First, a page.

As human beings, we are always curious about our past and the future. We always have a wish to know the future in advance. In the same way, we are equally curious about our past.
We always want to know about the culture and lifestyle of our ancestors. We want to know how they looked like. However, with the help of the latest technology, it has been possible to create an image of prehistoric humans.
But still, there is one prehistoric artifact that has been accepted as the oldest realistic representation of a human face ever created. In this article, we are going to explore the statue of Venus of Brassempouy which is more than 20000 years old.
A Venus figurine (Venus statuette) is an Upper Paleolithic statuette portraying a woman. Most of them have small heads, wide hips, and legs that taper to a point. Most of them date from the Gravettian period (26,000–21,000 years ago) and have been unearthed in Europe, but others have been found as far away as Siberia, extending their distribution across much of Eurasia, although with many gaps, such as the Mediterranean outside Italy.
In total, some 144 such figurines are known virtually all of the modest size, between 3 cm and 40 cm or more in height. They are some of the earliest works of prehistoric art.
The original cultural meaning and purpose of these artifacts are not known. It has frequently been suggested that they may have served a ritual or symbolic function.
Venus of Brassempouy
The Venus of Brassempouy (French: la Dame de Brassempouy, meaning “Lady of Brassempouy”, or Dame à la Capuche, “Lady with the Hood”) is an ivory figurine created about 25,000 years ago and is one of the earliest known realistic representations of a female human face.
She was discovered in Brassempouy, which is a small village in southwest France. Two caves near the village, 100 meters from each other, were among the first Paleolithic sites to be explored in France.
The Venus of Brassempouy was discovered in one of the caves in 1894, together with eight other human figures in fragments.
The Venus of Brassempouy was carved from mammoth ivory. She is 36.5 mm high, 22 mm deep, and 19 mm wide. Her face is triangular and seems tranquil. While the forehead, nose, and brows are carved in relief, the mouth is absent which suggests the work of the sculptor may have been interrupted.
By looking at the statue, it seems that there is very little space left in it where the mouth can be drawn. Could it be possible that this is not an actual statue that was eventually built finally?
The error which the sculptor was failed to recognize in the early-stage forced him to left the work of this statue in the middle and started work on the other.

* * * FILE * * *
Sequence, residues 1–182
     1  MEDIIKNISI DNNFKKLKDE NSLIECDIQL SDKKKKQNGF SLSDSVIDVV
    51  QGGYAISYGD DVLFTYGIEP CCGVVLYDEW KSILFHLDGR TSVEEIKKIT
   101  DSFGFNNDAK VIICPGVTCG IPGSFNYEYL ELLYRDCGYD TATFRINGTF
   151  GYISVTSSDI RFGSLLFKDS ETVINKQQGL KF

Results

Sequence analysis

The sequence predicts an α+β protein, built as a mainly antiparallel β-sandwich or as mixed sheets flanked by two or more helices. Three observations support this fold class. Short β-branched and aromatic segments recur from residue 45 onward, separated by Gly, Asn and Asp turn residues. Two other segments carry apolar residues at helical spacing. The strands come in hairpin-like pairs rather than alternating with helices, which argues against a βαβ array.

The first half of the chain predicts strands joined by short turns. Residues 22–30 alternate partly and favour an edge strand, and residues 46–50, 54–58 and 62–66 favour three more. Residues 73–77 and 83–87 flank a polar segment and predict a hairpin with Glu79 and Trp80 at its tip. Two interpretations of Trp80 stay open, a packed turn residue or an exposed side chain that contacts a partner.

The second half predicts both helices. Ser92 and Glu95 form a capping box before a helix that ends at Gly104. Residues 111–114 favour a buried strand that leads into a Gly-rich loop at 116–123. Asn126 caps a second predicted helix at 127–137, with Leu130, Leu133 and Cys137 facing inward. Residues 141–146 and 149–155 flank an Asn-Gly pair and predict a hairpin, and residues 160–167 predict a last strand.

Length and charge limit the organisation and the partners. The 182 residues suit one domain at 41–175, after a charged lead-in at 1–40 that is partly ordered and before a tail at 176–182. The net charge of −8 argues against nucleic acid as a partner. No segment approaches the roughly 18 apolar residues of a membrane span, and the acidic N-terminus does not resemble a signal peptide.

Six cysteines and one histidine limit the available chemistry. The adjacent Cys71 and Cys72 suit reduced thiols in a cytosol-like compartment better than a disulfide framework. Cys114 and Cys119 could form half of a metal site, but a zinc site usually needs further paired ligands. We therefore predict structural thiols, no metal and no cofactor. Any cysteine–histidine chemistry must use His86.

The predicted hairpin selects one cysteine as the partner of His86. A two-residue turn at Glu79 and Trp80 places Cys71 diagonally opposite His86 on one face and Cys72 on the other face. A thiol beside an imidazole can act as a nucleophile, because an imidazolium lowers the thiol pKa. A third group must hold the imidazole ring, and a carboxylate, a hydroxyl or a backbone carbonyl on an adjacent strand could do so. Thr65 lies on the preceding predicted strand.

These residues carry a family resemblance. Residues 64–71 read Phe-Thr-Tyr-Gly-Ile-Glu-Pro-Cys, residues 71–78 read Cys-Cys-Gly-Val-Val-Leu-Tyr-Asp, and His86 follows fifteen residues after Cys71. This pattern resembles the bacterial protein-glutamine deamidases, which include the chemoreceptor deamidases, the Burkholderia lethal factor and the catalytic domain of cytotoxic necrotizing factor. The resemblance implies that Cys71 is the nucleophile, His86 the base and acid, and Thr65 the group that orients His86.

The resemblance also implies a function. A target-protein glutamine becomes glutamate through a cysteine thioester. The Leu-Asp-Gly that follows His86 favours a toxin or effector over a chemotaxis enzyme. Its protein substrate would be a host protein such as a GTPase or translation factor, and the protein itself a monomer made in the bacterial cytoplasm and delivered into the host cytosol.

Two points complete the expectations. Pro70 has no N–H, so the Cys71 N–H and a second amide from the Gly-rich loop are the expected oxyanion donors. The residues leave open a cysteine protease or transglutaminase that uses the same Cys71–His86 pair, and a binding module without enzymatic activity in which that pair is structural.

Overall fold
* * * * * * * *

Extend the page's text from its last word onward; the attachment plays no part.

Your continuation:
A vertical crack on the right side of the face is linked to the internal structure of the ivory. This might have been another reason for the sculptor to leave work in between.
On the head, there is an exceptional checkerboard-like pattern formed by two series of shallow incisions at right angles to each other, it has been interpreted as a wig, a hood, or simply a representation of hair.
The wig might look more suitable at this place due to the right angle which the sculptor might have created purposefully to differentiate from the real hairdo. The same kind of stuff can be found with other venus figurines as well.
The head of the Willendorf figurine offers the clearest evidence that what we see here is a depiction of head-gear-a fiber-based woven cap or hat-rather than a
These finds may represent unfinished works as if the artist or artists were carving several figurines at the same time. They represent some of the earliest works of prehistoric art.
|Creation Time||25000 BC|
|Measures||The head is 3.65 cm high, 2.2 cm deep and 1.9 cm wide|
|Current Location||Musée d’Archéologie Nationale at Saint-Germain-en-Laye, near Paris|
|Amazing Facts||The Venus of Brassempouy meaning is (“Lady with the Hood”).|
It is one of the earliest known realistic representations of a human face.
The face is triangular and seems tranquil. In 1976, the Venus of Brassempouy was depicted on a 2.00 franc stamp”
The Venus of Brassempouy is preserved in the Musée d’Archéologie Nationale at Saint-Germain-en-Laye, near Paris Since ivory is very susceptible to damage from factors such as temperature change, moisture, and light, the figure is opened only by reservation.
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